Business, Company, Dispensing, Feature, Local, News

Government imposes new restriction on optical trainee wage subsidy

Without warning, the Federal Government has made a crucial change to the Boosting Apprenticeship Commencements (BAC) scheme that is providing up to $28,000 in wage subsidies for a range of traineeships, including optical dispensing.

Australasian College of Optical Dispensing director and senior trainer Mr James Gibbins said the amendment now means ‘existing employees’ – such as optical assistants wanting to obtain a Certificate IV in Optical Dispensing – are no longer eligible for the program.

The government imposed the new measure effective immediately on 28 October. Importantly, it does not affect any enrolment prior to this date that has already been deemed eligible.

Gibbins said now-ineligible ‘existing workers’ are classified as a full time employee of more than three months and a part time employee of more than 12 months.

However, they could become eligible if a casual employee is moved to part or full time status after October 28; or if a part time employee shifts to full time status after October 28.

“If this is the case, then the employer may enrol any number of existing workers and gain the 50% wages subsidy, up to a maximum of 30 employees,” he said.

Australasian College of Optical Dispensing directors Chedy Kalach (left) and James Gibbins.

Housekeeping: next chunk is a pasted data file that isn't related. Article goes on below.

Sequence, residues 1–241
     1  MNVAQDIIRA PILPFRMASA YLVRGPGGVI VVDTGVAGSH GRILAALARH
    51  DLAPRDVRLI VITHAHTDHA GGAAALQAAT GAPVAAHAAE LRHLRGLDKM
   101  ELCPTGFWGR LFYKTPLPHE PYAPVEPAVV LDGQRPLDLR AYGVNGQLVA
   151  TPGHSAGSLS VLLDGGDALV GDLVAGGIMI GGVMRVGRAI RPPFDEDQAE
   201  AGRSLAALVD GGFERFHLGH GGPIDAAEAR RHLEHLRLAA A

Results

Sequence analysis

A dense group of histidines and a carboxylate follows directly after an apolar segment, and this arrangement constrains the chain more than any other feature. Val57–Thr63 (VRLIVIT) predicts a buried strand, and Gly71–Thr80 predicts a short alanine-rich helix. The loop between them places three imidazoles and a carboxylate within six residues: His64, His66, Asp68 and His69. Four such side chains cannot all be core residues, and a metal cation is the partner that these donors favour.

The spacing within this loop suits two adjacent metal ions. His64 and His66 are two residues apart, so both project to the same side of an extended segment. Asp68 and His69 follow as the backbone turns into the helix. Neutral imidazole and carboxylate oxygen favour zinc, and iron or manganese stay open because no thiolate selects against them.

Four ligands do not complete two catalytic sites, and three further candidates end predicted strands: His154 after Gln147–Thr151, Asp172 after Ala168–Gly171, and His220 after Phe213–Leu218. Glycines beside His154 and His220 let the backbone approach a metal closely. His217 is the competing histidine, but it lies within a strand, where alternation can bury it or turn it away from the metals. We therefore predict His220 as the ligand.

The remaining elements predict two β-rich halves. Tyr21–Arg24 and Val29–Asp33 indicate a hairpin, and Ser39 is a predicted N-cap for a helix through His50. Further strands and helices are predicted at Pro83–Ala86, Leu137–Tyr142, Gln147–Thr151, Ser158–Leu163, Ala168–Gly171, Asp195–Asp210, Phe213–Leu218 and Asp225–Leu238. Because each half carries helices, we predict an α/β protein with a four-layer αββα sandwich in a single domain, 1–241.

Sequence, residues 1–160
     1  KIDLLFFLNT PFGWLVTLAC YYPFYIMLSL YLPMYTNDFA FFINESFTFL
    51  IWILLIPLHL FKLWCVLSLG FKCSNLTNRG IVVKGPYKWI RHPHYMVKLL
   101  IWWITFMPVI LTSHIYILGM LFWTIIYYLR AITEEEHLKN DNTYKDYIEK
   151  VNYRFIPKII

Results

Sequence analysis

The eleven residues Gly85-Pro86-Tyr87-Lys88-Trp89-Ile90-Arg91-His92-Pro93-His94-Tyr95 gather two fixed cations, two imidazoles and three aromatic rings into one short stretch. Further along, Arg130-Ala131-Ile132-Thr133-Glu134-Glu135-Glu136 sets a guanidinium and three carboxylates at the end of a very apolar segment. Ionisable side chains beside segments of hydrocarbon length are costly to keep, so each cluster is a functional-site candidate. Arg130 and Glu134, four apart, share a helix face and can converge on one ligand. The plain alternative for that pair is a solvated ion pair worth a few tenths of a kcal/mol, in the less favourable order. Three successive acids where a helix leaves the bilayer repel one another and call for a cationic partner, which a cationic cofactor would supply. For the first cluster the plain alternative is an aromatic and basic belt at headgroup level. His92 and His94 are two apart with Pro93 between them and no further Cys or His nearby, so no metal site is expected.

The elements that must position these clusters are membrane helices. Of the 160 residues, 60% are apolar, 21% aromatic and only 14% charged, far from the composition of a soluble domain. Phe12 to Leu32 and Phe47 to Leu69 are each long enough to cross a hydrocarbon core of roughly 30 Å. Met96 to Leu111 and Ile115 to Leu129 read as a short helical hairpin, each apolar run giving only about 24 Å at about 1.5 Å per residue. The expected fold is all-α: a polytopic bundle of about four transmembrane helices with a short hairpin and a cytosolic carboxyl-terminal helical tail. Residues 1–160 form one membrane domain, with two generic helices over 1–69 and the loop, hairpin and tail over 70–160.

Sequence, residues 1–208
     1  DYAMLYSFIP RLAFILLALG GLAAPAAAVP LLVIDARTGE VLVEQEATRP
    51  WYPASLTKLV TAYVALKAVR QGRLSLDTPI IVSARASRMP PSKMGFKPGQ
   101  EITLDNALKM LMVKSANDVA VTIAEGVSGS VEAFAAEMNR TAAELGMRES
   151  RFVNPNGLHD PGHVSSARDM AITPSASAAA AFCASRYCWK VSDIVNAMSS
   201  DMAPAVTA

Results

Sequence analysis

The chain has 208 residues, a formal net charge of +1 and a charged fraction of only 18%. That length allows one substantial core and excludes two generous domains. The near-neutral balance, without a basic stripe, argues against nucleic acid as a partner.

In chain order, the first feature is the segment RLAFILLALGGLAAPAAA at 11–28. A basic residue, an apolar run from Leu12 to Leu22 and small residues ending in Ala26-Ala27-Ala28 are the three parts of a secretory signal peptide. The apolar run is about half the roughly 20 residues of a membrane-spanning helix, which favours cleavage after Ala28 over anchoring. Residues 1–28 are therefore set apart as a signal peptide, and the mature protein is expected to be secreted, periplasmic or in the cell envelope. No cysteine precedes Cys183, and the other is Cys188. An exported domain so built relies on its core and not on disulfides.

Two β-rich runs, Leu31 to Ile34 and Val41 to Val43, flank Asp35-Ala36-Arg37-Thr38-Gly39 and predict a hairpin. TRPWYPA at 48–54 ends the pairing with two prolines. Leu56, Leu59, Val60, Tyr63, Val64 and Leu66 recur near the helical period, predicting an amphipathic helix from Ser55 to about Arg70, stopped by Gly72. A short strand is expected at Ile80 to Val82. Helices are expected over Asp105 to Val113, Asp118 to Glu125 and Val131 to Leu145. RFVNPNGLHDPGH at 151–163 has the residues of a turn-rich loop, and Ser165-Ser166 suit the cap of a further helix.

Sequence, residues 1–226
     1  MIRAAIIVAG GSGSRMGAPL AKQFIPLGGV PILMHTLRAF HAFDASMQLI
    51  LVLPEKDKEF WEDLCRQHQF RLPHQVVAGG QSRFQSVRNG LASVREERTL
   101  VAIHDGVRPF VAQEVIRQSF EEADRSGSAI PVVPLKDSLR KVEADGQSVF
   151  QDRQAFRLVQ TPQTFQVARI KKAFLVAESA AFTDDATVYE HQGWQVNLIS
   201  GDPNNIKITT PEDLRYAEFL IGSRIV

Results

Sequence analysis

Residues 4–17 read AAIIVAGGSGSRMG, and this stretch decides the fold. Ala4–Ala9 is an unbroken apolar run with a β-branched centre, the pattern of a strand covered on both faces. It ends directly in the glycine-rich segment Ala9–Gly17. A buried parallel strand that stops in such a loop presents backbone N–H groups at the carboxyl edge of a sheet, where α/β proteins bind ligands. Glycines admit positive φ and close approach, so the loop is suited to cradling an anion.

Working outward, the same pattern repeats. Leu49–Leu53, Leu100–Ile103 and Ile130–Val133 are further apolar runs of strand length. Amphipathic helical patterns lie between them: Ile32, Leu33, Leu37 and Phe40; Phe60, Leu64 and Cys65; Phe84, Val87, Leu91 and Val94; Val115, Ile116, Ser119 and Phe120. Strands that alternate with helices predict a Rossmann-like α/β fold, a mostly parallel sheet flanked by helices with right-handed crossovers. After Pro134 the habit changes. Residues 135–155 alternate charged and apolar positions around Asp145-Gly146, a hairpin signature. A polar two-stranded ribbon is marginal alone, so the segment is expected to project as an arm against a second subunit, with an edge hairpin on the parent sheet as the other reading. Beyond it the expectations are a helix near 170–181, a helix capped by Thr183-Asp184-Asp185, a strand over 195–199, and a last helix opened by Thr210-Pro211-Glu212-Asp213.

“Of course, any new or current full time employee of less than three months is still eligible, and any new or current part time employee of less than 12 months will qualify.”

Announced in the Federal Budget on 6 October, the $1.2 billion boost for employers to take on new apprentices and trainees was labelled one of the largest schemes to benefit the optical sector in recent memory.

Gibbins said the government recently amended the criteria due to the program being oversubscribed.

“Certain other large industries moved quickly on this opportunity and enrolled thousands at a time. Unfortunately, the optical industry tends to be a little slow to respond and this was the case,” he said.

“But in saying that, we have had a significant increase in enrolments and there was a very encouraging response from the independents in particular – and there are still some notable exceptions to qualify for the subsidy.”

He said ACOD is upscaling its capacity to meet the demand, particularly for workshops next year. “We already have 14 teachers in place – causal part time and full time around Australia and New Zealand – and we have four teachers ready to be added.”

Gibbins has previously pointed out that employers considering enrolling optical assistants should move urgently so the payments can be backdated.

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